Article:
New research has found that Olympic and world champions at 800m and 1500m strive to win even during the heats and semi-finals.
The study, published in May 2018 in the Journal of Sports Sciences, aimed to analyse qualification patterns in middle-distance running and identify whether athletes adopt theoretically optimal tactics, or whether the desire to win overrides these.
The study authors, Dr Brian Hanley (Leeds Beckett University) and Dr Florentina Hettinga (University of Essex), analysed the performances of 295 men and 258 women who competed in a middle distance final between 1999 and 2017, with the women’s 1500m competitions held in 1999, 2005 and 2008 excluded as no semi-final round was held.
Of the 57 champions analysed, 40 won both their heat and semi-final, even though finishing in slightly lower positions would still have achieved automatic qualification. For the best athletes, the key motivator was achieving a high position, regardless of finishing time.
For example, the men’s 800m champion in 2015, David Rudisha, won his heat and semi-final but was in the bottom half of all competitors when ranked by time.
According to the study authors, the performance climate of these global championships encourages a winning mentality where running a fast time is not important in itself.
They suggested that champions might have found winning the earlier rounds, rather than simply aiming to qualify, improved their confidence and intimidated their rivals.
Two-thirds of champions did not run their season’s best time in the final – most notably, the 2016 men’s 1500m Olympic Champion, Matthew Centrowitz, won in a time more than 10 seconds slower than either his heat or semi-final, and the slowest for an Olympic final since 1932.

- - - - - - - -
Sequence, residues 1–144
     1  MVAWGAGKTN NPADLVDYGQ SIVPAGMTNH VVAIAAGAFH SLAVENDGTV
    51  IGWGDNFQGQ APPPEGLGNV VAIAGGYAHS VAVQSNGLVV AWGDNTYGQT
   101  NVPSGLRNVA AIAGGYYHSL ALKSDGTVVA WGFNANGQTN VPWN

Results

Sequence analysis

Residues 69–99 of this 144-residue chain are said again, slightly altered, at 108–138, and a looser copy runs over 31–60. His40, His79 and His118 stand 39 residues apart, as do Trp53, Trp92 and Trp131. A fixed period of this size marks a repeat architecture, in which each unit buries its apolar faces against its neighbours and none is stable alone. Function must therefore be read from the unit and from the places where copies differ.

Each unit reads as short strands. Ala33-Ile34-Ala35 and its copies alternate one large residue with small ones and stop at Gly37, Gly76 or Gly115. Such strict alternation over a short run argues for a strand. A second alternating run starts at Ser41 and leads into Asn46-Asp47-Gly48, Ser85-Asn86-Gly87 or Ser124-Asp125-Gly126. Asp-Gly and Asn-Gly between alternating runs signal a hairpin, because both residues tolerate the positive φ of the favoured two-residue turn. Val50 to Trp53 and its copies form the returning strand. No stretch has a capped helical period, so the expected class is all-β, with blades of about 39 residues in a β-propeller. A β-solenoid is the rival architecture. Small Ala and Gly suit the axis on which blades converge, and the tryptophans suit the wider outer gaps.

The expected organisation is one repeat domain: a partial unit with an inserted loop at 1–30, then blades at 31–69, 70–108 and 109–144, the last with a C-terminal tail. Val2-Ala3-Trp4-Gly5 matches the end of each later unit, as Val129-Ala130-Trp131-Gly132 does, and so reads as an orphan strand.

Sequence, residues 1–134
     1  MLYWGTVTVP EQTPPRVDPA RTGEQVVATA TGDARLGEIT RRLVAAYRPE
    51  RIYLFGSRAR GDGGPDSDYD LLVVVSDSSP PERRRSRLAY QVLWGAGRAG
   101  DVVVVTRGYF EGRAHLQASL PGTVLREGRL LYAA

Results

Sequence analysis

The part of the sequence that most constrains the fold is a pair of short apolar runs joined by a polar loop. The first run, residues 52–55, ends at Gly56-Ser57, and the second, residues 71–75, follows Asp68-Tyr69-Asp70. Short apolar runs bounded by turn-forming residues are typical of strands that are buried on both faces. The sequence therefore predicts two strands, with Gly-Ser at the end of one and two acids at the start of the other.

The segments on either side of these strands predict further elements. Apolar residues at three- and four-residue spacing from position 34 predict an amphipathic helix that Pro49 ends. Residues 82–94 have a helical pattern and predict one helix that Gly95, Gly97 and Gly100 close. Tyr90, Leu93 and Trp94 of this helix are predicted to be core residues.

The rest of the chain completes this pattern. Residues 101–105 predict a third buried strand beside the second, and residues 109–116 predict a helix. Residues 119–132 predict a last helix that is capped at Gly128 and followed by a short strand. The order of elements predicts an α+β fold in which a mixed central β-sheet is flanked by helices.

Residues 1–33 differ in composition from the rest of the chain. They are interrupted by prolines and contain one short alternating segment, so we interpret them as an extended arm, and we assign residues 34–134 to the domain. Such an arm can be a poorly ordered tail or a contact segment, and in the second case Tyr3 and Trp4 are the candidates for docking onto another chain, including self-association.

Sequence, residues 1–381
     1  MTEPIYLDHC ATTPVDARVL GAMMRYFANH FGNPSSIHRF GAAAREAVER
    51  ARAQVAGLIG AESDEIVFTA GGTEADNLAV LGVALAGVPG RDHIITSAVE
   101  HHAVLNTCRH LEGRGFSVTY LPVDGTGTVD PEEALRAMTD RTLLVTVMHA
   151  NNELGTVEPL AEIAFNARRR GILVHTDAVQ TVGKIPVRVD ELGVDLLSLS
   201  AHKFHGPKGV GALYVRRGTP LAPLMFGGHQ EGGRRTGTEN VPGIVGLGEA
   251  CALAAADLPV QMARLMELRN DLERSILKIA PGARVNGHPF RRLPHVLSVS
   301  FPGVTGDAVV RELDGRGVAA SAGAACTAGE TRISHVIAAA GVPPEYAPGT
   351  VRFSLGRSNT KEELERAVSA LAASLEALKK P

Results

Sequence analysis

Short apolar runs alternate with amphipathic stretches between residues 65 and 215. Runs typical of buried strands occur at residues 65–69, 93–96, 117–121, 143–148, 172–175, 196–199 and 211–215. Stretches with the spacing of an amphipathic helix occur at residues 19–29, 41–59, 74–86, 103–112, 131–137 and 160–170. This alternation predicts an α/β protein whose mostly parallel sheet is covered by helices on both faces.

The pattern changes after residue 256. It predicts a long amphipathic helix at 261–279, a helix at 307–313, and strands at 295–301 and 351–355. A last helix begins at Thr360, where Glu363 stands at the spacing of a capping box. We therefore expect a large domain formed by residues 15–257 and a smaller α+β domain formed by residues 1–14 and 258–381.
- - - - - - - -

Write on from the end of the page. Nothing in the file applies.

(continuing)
The very best men and women appeared to have similar approaches to racing, especially in the 800m. However, evaluating the women’s 1500m finalists was more problematic as 11 of the finalists were subsequently disqualified. Most were for doping offences and highlight the unsavoury side of the will to win.
The best athletes were able to combine short-term optimal pacing in each round with long-term planning (peaking for the final). In the run-up to major events, athletes who sacrifice racing opportunities to focus more on fast times might find adjusting to championship competition difficult.
This difference between multiple-round championships and one-off, paced Grand Prix races means that true racing strategies are important to learn through exposure to championship formats, including at smaller events such as the European Championships.
Dr Hanley and Dr Hettinga will present their novel findings at the annual European Congress of Sport Science to be held in Dublin this July.